Israeli Bedouins seek UN action

Leaders of the 180,000-strong Bedouin community in southern Israel are urging the UN to pressure Israel into stopping what they call "systematic ethnic cleansing".

    Increasing numbers of Bedouin villages are being demolished

    The call has been prompted by a spate of home demolitions and land confiscations by the Israeli police.

    According to Bedouin leaders, the Israeli government is intent on removing about 40 Bedouin villages in the Negev region that are inhabited by as many as 80,000 people - an allegation the government denies.

    Last week, Israeli police reportedly stepped up the destruction of Bedouin homes and outbuildings in what are termed "unrecognised villages".

    "Like they are doing to our Palestinian brothers in the West Bank, they are doing here to us," said Talab al Sani'e, a Bedouin and a member of Israel's Knesset.

    "They are destroying our homes and stealing our land and trying to concentrate us in small reservations in order to take our land and give it Jewish settlers."

    Sani'e told there was "systematic discrimination" against the Bedouins.

    "Some of these so-called unrecognised villages predated the state of Israel. I wonder who needs recognition from whom," said Sani'e.

    "Israel has created 140 Jewish towns and villages in the Negev. And now they want to destroy Bedouin villages."

    Land seizure

    Hussein Rafaya’a, president of the Regional Council of the Unrecognised Villages, accused the Israeli government of illegally confiscating more than 98% of Bedouin land.

    Hussein Rafaya'a says Bedouins
    have lost most of their land

    "Between 1948 and 1966, Israel seized 12 million dunams [one dunam is 1000 square meters], and in 1978, they confiscated more than 100,000 dunams. And now they chasing us to steal our remaining land."

    Saqr Salouk, editor-in-chief of the Naba News Agency, a local news outlet covering the Bedouin community in southern Israel, accuses Israel of committing "ugly acts of racism against Bedouins."

    Israeli government airplanes sprayed herbicides over large areas of crops belonging to Bedouin tribes in the Negev over 10 years.

    The practice was stopped after Bedouin leaders and human rights activists petitioned the Israeli High Court, citing the herbicides' harmful effect on humans and animals.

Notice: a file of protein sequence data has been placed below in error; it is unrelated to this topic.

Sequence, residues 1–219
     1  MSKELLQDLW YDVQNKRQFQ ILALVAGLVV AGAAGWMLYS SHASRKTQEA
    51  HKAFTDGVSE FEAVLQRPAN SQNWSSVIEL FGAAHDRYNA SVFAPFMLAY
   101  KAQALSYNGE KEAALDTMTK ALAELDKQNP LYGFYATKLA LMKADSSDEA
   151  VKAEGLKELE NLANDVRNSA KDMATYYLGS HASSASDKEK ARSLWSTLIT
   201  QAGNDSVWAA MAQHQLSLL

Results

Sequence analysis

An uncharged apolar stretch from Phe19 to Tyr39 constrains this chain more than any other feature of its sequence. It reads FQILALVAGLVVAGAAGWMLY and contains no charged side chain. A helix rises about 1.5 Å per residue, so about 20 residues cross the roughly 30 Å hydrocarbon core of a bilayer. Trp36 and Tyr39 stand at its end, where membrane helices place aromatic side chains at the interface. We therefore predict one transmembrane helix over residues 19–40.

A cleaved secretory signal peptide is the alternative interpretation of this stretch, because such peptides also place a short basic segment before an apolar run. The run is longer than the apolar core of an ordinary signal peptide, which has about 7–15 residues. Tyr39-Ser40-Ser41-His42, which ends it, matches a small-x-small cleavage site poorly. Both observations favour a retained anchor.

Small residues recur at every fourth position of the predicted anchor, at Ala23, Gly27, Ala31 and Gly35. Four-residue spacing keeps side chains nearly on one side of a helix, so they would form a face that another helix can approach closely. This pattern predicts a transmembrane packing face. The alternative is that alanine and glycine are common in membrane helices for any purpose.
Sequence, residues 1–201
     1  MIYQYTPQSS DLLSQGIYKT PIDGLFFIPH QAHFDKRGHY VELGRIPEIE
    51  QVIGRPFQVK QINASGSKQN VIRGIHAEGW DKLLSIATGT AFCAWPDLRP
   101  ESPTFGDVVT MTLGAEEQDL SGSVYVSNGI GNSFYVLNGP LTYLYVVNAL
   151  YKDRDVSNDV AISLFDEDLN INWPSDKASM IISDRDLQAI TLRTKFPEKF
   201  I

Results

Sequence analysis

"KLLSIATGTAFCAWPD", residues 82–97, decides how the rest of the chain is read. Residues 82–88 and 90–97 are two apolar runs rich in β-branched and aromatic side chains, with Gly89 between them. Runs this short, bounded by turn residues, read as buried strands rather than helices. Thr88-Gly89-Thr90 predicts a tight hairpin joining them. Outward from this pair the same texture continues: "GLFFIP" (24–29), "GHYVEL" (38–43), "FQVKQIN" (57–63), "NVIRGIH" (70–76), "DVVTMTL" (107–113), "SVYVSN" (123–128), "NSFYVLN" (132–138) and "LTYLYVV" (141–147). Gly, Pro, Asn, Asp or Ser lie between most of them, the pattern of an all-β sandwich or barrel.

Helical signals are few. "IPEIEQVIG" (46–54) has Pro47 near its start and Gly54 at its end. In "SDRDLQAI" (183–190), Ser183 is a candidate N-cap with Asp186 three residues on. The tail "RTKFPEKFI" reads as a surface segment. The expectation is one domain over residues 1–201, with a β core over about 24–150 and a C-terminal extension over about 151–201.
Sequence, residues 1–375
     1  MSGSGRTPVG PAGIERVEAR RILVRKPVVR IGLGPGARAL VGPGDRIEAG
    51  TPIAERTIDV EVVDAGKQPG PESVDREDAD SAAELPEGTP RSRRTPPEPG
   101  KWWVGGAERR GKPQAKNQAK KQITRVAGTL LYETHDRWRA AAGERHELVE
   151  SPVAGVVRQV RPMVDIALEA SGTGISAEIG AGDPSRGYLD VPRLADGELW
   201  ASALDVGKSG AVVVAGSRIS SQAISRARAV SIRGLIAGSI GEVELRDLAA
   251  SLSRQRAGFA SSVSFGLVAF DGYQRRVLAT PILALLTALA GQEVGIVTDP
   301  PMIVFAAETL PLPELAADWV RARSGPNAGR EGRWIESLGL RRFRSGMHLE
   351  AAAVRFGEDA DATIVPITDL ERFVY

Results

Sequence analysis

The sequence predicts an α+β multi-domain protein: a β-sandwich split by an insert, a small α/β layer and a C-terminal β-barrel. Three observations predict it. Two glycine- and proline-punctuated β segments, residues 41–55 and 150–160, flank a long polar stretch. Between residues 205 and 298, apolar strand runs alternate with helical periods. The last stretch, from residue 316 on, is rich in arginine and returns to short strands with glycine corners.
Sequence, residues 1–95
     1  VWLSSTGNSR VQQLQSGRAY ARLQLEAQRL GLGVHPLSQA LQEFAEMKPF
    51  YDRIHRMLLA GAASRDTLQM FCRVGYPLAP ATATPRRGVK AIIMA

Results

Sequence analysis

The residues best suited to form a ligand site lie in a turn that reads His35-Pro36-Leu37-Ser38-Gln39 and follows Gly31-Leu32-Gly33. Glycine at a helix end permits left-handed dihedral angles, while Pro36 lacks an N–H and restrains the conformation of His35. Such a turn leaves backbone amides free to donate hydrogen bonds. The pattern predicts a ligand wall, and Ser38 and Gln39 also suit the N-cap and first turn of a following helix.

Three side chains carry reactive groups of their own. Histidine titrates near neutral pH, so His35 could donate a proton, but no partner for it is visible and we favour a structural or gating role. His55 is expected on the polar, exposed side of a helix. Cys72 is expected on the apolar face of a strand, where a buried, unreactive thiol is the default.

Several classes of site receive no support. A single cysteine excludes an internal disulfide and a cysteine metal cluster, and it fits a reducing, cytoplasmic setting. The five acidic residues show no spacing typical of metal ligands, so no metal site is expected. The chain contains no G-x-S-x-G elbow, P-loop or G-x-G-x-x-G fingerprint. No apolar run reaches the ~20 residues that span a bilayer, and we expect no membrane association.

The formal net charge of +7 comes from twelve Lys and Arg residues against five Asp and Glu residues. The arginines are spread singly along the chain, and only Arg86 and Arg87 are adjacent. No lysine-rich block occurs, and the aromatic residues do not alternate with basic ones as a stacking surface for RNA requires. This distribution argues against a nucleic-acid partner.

After the court ruling, however, the Israeli Land Authority began using tractors to destroy the crops shortly before harvest time, according to Bedouin leaders.

    "The state is declaring war on 

    its own citizens."

    Saqr Salouk,
    Editor-in-chief, Naba News Agency

    "They refuse to connect our villages with the national power grid, they refuse to connect us with the national water carrier, they refuse to allow us to open streets. Our children are denied schooling," Salouk said. 

    "The state is declaring war on 

    its own citizens for no reason other than us being non-Jews. Otherwise how would you explain that 35000 homes are slated for bulldozing and destruction."

    Appeal to UN

    Sani'e urged the UN to investigate "this systematic persecution and ethnic cleansing against the Bedouins."

    Israeli police accompany the
    bulldozers during demolitions

    Sani'e said Israel should be forced to adhere to international law and internationally recognised human rights.

    But the Bedouins are sceptical about whether Israeli courts will protect their rights.

    Sani’e, who also is a lawyer, said the Israeli justice system was unreliable in two spheres - land and security.

    "We can’t expect justice from such an inherently unjust justice system."

    Rule of law

    Israeli government officials have denied allegations of discrimination by Bedouin leaders.

    "What the Israeli government is doing is applying the rule of law. These villages were built against the rule of law," said Tal Rabina, a spokesman of the Southern District, which has administrative jurisdiction over the Negev.

    Rabina said Bedouin leaders were sensationalising and exaggerating their grievances.

    "We are trying very hard to give proper services to the Bedouin communities, and we are building new schools, kindergartens, nurseries, clinics, but we can’t give proper services to people when they are stretched out in a very vast area."

    Rabina said Israel was trying to introduce zoning and planning that would benefit the Bedouins.

    "With all due respect to Bedouin traditions, we can’t build a school beside every tent or every house."

    Photographs courtesy of the Naba News Agency.

    SOURCE: Aljazeera



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